It was once thought vital that all growing plants must be in containers with drainage holes. In fact, indoors or under cover of a porch etc. if care is taken over watering, drainage holes are not necessary, and I have successfully grown everything from geraniums to exotic bromeliads with no thought to drainage other than the usual bits of broken pot at the bottom.
I was amused recently when I saw a kettle hanging in a cottage tea-room, filled with a mass of orange nasturtiums which were growing in a pot hidden inside the kettle. The proprietor told me she had different potted plants coming along all the time, to keep the display in the kettle fresh and attractive. See-through plastic or coloured glass looks sparkling in a window, and I have seen a great green plastic ice bucket with a handle showing off dark-foliaged dwarf pink begonias. See left for unusual container gardening ideas utilising coloured tin pots and pegs.
Some of my own very best effects with container gardening have been won with the help of some chunky white plastic buckets sold at our local fishmonger’s very cheaply. They originally held deliveries of cockles, but hanging from a beam in my conservatory their depth allows me to grow many things from schizanthus (a half-hardy annual, which I allow to trail over the sides) to runner beans (which make a handsome jungly trailing plant), golden hop (another trailer for summer),, and so on. You do not have to spend a great amount of money on containers — any dish, pot, or vase with handles can be hung just as well as stood, and I have seen keen flower arrangers display pot plants in a hanging piece of suitably-shaped driftwood!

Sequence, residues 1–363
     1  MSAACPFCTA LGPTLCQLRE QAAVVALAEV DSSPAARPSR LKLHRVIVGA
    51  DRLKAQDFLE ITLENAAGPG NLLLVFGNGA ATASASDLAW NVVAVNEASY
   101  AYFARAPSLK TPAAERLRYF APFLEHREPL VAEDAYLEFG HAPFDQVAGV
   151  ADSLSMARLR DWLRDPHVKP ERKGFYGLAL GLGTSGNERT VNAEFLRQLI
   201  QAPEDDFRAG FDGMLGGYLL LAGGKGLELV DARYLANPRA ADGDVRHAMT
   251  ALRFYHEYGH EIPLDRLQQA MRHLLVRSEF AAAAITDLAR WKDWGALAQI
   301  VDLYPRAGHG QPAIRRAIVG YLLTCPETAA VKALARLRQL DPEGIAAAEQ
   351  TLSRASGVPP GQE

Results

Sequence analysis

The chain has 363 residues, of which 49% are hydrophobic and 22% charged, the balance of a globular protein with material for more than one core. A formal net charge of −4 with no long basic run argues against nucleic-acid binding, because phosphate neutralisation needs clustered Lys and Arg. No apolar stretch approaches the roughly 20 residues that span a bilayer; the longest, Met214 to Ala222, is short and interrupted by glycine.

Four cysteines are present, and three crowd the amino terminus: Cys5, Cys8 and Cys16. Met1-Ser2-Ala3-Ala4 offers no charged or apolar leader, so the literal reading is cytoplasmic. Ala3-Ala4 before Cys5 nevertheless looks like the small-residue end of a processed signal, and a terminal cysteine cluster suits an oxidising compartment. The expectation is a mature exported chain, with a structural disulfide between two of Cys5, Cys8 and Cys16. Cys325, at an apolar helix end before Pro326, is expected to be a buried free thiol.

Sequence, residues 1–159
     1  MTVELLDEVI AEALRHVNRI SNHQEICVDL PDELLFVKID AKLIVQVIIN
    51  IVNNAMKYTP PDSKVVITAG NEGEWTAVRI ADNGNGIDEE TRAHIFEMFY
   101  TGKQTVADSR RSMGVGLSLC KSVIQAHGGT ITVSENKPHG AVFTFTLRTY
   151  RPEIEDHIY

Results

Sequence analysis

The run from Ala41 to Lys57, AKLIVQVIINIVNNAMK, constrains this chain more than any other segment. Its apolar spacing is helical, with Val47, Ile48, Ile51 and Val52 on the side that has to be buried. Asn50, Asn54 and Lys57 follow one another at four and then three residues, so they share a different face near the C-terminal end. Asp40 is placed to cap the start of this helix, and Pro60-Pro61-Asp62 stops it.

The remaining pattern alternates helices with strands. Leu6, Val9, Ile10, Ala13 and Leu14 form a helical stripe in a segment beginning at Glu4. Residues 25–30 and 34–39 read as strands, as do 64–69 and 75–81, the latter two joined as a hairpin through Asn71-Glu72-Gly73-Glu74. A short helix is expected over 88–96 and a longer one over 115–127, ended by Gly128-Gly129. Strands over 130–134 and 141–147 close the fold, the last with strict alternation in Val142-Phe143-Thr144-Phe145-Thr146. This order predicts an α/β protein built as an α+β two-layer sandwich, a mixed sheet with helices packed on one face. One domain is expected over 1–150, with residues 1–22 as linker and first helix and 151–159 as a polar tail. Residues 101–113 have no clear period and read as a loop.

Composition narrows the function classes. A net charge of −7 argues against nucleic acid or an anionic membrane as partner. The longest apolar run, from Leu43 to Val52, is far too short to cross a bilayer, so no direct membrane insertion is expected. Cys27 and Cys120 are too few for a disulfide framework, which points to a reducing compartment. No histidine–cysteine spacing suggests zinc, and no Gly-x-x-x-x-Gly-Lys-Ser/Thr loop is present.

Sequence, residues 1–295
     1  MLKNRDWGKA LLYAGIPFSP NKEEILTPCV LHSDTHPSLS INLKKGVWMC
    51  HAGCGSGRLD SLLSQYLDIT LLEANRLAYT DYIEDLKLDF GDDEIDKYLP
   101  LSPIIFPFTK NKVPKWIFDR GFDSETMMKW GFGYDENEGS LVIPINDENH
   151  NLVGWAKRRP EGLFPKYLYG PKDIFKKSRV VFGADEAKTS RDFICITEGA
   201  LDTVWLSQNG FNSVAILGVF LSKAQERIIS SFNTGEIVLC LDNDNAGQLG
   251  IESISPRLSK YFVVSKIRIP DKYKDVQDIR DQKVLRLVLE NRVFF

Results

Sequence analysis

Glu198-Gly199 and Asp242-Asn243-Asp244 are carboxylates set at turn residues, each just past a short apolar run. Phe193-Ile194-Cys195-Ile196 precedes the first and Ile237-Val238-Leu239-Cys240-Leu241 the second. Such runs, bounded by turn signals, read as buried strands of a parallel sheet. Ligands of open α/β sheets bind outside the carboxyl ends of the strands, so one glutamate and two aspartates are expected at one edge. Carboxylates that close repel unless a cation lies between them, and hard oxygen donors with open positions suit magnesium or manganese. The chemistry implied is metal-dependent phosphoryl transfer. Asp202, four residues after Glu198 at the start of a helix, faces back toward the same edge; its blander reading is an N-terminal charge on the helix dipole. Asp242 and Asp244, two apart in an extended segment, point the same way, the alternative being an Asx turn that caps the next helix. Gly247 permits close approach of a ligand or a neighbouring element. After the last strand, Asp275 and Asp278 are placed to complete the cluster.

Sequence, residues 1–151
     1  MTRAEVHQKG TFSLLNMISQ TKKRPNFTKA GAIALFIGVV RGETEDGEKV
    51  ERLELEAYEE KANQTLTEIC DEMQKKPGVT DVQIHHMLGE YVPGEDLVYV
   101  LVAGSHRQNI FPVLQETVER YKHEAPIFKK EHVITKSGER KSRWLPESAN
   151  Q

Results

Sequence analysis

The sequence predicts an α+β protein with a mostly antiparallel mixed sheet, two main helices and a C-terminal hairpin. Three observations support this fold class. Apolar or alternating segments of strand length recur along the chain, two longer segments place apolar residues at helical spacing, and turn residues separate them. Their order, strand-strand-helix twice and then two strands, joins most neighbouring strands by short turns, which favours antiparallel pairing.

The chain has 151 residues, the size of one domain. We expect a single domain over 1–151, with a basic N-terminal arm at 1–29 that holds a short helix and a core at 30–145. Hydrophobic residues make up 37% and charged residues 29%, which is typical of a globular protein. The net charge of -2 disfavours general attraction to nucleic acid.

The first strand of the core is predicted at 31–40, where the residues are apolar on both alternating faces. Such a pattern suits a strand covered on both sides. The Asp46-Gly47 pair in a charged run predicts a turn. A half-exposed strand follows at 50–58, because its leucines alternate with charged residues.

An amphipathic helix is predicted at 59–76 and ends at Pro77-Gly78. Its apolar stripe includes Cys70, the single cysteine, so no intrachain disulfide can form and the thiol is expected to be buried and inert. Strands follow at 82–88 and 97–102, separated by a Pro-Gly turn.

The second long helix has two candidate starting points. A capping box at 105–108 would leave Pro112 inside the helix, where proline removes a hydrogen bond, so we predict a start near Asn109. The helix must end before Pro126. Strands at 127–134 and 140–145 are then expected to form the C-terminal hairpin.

In recent years there has been a fashion for growing woody-stemmed plants such asivies, geraniums, and even mint, in upturned wine bottles, and you might wonder how this is done. You need a large bottle with a dimple in the bottom, then with a glass cutter or a special bottle cutter you make a round hole in the dimple of about an inch in diameter. Next cut a strong piece of galvanised wire about 9 inches longer than the bottle and push it right through, hooking one end over the base to secure it and making a hook at the neck end for hanging it up. Holding the bottle upside-down, half fill it with compost, pass a well-rooted cutting through the opening at the base, and you will see that when the bottle is turned the right way up the compost settles down, securing the cutting, which should grow into a fine plant, covering the bottle as it develops up around the sides. Water the plant from the top.
Conversely, some hanging containers have flat bottoms and can be stood instead of hung. They can be filled with plants to stand in an alcove out of doors or on a deep window ledge. Terracotta and stoneware ones look good outdoors, and china, light plastic, etc. indoors.